Regarding the Colorado Geological Survey (an article appearing in the Mining Reporter, March 1907):
We note that one of our contemporaries, in recently commenting on the University bill creating a State Geological Survey of Colorado — the bill reported favorably on by the joint Senate and House mining committee — voices in no uncertain language its regret at the “truly pitiable outcome of the effort to establish a Geological Survey of Colorado.” In a lengthy and well-written editorial, criticism is made of the proposed advisory board, particularly of the placing thereon of the presidents of the State University and the State Agricultural College; also, having the survey located at Boulder instead of Denver; of the naming as state geologist, the professor of geology of the State University, who may be a good teacher, but who, like the majority, may or may not be an effective executive; and lastly, of the paltry appropriation of $5,000 annually for this important work in a state productive of $50,000,000 and more yearly.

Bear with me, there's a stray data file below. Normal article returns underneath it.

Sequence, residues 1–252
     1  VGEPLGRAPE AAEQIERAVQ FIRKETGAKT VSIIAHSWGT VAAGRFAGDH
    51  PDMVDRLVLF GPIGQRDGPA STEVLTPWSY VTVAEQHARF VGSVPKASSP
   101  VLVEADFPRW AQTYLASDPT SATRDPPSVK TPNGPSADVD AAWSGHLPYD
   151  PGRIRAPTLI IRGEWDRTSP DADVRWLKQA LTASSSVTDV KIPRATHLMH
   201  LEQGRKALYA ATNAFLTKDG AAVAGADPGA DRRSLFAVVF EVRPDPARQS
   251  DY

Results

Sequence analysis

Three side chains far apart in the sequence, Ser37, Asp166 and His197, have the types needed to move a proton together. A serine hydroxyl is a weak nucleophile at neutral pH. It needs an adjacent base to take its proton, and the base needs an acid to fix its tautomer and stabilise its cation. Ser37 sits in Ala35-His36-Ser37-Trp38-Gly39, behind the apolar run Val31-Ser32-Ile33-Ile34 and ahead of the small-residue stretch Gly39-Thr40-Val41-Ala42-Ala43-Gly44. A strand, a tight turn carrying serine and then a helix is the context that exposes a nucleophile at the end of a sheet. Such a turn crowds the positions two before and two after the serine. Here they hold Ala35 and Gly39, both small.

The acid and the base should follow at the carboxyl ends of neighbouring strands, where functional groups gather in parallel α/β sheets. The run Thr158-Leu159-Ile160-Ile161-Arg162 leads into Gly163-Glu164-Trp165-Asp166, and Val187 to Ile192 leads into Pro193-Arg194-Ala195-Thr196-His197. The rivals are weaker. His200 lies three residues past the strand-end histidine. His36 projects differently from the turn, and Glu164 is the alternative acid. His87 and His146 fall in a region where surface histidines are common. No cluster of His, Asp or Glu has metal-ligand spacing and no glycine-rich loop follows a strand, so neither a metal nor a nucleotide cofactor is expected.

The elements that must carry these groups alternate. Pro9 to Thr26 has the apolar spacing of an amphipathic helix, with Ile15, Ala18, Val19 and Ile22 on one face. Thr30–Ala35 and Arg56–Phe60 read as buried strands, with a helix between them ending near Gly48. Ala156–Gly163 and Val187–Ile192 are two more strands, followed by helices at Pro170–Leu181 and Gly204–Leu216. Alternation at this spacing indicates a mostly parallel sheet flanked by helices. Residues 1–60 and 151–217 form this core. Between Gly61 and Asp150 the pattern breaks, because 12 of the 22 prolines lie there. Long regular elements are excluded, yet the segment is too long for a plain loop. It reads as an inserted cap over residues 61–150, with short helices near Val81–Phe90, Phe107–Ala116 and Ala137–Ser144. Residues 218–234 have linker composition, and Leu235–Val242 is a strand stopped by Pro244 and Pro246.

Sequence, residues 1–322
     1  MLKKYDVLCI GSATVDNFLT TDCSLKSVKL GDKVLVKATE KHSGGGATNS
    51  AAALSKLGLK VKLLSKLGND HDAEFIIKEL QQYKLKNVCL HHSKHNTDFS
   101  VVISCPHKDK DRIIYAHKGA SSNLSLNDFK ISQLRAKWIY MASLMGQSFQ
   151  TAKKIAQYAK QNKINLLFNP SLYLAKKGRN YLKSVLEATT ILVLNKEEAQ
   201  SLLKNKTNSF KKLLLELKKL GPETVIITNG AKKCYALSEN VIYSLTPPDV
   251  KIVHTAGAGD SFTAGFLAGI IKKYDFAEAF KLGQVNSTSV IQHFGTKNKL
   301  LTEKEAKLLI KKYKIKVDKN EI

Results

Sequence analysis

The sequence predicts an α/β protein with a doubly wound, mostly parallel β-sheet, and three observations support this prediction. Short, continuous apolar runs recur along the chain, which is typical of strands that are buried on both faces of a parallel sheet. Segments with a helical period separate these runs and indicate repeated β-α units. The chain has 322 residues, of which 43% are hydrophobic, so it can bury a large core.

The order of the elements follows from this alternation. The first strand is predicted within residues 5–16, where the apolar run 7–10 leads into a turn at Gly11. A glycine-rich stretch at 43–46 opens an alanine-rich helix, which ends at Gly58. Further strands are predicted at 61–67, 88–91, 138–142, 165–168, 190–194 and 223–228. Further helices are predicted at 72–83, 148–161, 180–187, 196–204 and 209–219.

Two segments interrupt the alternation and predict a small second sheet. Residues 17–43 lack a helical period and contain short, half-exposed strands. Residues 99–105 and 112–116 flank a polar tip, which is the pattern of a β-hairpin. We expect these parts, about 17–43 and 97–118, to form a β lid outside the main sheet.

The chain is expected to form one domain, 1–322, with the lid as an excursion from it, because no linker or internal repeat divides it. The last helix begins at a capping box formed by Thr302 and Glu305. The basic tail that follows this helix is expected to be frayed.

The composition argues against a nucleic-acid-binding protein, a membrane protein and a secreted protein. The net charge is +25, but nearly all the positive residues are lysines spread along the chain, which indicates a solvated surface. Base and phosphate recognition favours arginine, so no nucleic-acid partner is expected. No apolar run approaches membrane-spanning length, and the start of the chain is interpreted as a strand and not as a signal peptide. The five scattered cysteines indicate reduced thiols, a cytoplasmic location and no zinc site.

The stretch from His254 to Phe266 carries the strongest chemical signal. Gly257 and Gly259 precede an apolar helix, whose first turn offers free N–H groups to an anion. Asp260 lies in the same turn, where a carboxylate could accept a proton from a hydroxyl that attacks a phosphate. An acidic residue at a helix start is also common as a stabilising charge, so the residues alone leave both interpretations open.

Exception is also taken to the naming of state institution teachers as assistants to the State Geologist, who ought to have the assistance of men less academic and having a knowledge of the exploitation of ore deposits and of the search for them.
This editorial expression, coming from a former Coloradoan, is worthy of consideration. It is in accord, in large part, with our own views, as our readers know. In addition to the criticisms made by our contemporary, we would like to emphasize another objectionable feature in this favorably reported bill, viz., the naming of any one as state geologist who is not to devote his entire time to the survey work. — from the Mining Reporter, vol. LV, March 28, 1907, no. 13, Denver, Colorado.
We’re happy to say that our current efforts to provide professional geologic information to the residents of Colorado far exceed the original scope of responsibilities and possibilities of the Territorial Geologist. But like those old-time miners, walking the mountains of this beautiful state, we also share a real passion for what we are doing.
You can find an in-depth history of the Survey and its 1872-legislated precursor, the office of Territorial Geologist, in IS-27 History of The Colorado Geological Survey (1872-1988), a free PDF download at our bookstore.
Citation: Rold, J. W., and S. D. Schwochow. IS-27 History of The Colorado Geological Survey (1872-1988). Information Series, IS-27. Denver, CO: Colorado Geological Survey, Department of Natural Resources, 1989.